What do we call it ?
The nylon string guitar comes with a variety of names. It is sometimes called a classical guitar, because classical guitar music is invariably played on nylon strings; it can also be called a Spanish guitar, because nylon string guitars are very popular in Spain and the Spanish-speaking world; it might also be called a flamenco guitar, because flamenco is one of its many uses. But nylon string guitars can also be used in jazz, pop, latin, and folk music, and in all parts of the world. So, no one name really does the trick.
What distinguishes it
What we do know is that it is acoustic, in that it does not have to be amplified to be audible (although it is a relatively quiet instrument, so would have to be mic’d to project to a larger audience), it has six strings and these are made of nylon (although the lower three strings are wound with metal) rather than the steel strings used for other acoustic and electric guitars.
Why nylon? Well, nylon strings produce a richer, more mellow tone, which sounds great in the right context. The strings are softer on the fingers, which is good for beginners whose fingers have not yet hardened. On the other hand, the strings require more regular tuning, and the sound does not cut through a mix as readily as steel string guitars.
Physically, the guitars are a little different from steel string acoustics: the neck is a little wider, so there is more of a gap between the strings, and you won’t usually find any fret markers on the neck. The body starts at the 12th fret rather than the normal 14th and there is not normally a cutaway (although my guitar does have one), so it is awkward and unusual to play above the 12th fret.
The six strings of a nylon string guitar are tuned as follows:
Sixth (lowest) – E (the same pitch as E2 on a piano)
Fifth – A
Fourth – D
Third – G
Second – B (middle C, the equivalent of C4 on a piano, can be found on the second string first fret)
First – E
Alternate tunings are rare on nylon string guitars.
Interestingly, at least when used for classical music, nylon string guitars are held differently. The guitarist is seated with the guitar resting on their left leg and their foot raised by a stool, as you can see here …
However, in all other contexts, there are no rules and nylon guitars can be played like any other – from a strap around the neck or on the right leg.
My nylon string guitar
This year (2020), I bought myself a secondhand Martin 000C Nylon Guitar. The fact that this comes from Martin, perhaps the most famous maker of steel string acoustic guitars, that it has a cutaway and is fitted with electrics, shows that I’m not a purist nylon string guitar player. However, this is a lovely instrument and it has inspired me to try all sorts of different styles of playing, as you will see below …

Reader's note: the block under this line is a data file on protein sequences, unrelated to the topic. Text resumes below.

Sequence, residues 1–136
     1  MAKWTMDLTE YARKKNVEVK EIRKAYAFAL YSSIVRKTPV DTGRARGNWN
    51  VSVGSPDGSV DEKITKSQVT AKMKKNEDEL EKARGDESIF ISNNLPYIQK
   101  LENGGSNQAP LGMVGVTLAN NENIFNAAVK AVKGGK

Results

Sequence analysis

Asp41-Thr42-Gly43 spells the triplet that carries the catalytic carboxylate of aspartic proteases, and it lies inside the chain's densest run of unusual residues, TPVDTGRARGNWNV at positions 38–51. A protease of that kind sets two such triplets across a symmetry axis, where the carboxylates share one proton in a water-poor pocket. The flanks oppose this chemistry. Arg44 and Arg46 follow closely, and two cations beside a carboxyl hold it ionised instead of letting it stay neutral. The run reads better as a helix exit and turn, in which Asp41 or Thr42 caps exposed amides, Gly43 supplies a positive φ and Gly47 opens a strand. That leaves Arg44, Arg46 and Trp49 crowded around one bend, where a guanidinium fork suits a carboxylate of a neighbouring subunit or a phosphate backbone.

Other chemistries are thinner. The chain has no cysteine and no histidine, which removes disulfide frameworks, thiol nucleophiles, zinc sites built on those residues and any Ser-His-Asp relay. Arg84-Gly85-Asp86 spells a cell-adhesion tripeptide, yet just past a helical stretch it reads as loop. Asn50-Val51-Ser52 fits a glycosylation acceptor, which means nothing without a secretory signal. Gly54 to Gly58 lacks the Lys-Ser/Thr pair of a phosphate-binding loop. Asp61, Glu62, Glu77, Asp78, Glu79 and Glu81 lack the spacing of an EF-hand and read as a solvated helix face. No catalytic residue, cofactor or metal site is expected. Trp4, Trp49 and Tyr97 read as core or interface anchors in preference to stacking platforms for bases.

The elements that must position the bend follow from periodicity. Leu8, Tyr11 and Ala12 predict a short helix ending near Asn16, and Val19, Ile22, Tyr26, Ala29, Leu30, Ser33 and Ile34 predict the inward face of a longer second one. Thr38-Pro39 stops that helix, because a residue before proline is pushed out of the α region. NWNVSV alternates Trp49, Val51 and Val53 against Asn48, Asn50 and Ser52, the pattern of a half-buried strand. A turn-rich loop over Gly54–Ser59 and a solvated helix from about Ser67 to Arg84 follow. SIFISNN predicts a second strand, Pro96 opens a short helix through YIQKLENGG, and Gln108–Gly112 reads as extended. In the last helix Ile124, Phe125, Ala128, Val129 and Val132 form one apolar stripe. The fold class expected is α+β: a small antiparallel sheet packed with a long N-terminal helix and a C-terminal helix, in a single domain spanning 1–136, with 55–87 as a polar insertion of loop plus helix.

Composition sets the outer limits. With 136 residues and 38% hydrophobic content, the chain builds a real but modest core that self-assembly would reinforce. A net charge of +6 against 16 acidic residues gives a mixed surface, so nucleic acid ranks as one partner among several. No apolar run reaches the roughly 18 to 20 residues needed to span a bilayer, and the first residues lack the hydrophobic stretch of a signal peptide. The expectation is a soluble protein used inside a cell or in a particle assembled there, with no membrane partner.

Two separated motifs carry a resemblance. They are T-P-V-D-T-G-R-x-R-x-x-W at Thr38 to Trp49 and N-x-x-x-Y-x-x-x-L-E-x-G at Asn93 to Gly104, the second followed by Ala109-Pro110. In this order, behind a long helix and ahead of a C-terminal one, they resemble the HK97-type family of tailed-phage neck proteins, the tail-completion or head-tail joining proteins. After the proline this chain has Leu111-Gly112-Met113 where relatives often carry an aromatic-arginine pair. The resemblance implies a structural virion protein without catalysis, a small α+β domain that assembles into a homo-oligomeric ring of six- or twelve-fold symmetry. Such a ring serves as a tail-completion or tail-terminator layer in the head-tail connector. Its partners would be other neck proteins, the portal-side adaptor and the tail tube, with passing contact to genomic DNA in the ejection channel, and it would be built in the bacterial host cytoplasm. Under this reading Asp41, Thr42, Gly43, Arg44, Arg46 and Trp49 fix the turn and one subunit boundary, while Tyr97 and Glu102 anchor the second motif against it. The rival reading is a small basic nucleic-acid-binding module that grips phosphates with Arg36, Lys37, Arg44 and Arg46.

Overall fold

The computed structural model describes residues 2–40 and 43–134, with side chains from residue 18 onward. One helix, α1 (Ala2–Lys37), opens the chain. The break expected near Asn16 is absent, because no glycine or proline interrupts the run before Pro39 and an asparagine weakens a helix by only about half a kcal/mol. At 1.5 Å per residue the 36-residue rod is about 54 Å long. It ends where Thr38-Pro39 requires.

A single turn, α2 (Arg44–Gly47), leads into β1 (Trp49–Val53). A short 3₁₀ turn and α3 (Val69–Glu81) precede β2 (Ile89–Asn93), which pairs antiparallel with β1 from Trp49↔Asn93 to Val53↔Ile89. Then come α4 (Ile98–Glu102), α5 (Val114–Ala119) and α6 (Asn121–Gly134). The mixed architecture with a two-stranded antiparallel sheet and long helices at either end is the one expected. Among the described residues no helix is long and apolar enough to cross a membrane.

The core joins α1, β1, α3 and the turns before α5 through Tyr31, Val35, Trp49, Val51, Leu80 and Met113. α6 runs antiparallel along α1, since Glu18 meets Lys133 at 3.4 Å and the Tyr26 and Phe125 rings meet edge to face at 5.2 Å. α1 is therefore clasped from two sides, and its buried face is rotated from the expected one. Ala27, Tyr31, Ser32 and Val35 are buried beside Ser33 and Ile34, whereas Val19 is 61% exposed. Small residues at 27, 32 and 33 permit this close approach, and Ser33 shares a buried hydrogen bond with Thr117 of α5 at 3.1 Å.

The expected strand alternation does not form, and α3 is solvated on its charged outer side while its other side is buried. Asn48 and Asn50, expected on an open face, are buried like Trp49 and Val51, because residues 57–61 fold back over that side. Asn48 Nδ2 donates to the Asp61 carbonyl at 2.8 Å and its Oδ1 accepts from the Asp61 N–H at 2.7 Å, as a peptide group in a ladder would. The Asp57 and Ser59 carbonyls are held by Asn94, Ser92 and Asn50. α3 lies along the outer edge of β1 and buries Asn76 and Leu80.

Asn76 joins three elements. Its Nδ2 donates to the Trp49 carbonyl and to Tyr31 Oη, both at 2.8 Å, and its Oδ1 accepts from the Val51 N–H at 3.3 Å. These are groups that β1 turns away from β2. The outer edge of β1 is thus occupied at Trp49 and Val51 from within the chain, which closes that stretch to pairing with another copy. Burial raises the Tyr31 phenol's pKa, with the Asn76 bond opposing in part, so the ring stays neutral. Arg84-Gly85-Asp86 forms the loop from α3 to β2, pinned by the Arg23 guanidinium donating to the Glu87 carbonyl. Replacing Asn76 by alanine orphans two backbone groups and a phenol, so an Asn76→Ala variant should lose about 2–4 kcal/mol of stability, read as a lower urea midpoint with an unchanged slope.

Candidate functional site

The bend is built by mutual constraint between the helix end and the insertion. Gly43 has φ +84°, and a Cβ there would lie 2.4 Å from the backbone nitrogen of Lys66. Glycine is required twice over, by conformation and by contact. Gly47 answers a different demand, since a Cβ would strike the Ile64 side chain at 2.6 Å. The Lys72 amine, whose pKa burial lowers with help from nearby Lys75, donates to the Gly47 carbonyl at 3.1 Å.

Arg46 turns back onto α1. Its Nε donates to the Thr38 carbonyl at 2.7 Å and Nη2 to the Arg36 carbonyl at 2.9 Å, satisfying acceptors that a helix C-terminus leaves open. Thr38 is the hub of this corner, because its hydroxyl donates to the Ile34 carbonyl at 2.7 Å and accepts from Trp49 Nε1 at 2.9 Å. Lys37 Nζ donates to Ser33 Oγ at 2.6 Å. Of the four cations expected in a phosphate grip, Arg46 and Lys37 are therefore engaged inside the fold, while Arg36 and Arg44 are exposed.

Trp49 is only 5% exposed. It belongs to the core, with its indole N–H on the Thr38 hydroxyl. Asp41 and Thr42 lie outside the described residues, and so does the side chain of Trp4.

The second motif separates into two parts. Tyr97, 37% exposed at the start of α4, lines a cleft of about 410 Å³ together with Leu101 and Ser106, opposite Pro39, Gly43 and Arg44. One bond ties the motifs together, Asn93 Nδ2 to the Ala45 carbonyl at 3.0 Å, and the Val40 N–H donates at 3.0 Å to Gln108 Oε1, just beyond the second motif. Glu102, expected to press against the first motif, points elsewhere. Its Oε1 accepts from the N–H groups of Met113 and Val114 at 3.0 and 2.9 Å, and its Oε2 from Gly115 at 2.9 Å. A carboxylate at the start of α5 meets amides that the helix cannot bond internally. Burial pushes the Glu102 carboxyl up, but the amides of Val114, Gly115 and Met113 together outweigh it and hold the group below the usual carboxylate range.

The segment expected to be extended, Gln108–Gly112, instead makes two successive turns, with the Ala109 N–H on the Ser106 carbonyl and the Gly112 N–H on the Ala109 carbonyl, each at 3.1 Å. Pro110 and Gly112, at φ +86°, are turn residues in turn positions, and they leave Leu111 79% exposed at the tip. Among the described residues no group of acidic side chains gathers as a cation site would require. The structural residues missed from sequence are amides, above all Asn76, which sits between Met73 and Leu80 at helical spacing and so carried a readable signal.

I set myself the challenge of composing three pieces which would show off different ways in which the nylon string guitar could be used and which, importantly, considering I am not a specialist classical guitarist, I would be able to play. The notation and tablature for all three of these are available for download below if you’d like to try them out yourself.
The first piece is Almuruna, which has a rather obvious Spanish feel and is played in A minor. Here is a recording of me playing the piece on my Martin 000C:
If you’re not a guitarist or you don’t have access to a good nylon string guitar, you could create a very similar effect with a sample library. Here I have used the Evolution Modern Nylon library from Orange Tree Samples, running in the Kontakt sampler in Cubase 11. While the result is slightly less expressive than my own playing, it is a lot tighter!
This second example is in 3/4 time, hence the name. It’s in the key of E major.
And here’s the same piece with sampled nylon guitar …
Lastly, Ladders has jazz overtones. It’s in the key of A major.
And you’ll no doubt want to compare that with the sampled version …
But why stop there? This piece is crying out for some support from a band, so I added double bass, drums and a vintage organ. Have a listen …
In case you’re interested, I used the following sample libraries for the band:
Bass: UJAM VB-Mellow instrument
Drums: Kick n Brush library for Kontakt
Organ: NI Vintage Organs library for Kontakt
Notation / tablature
The following PDF file includes notation and tablature for all three nylon guitar pieces:
The scores were created using Steinberg’s Dorico Pro app.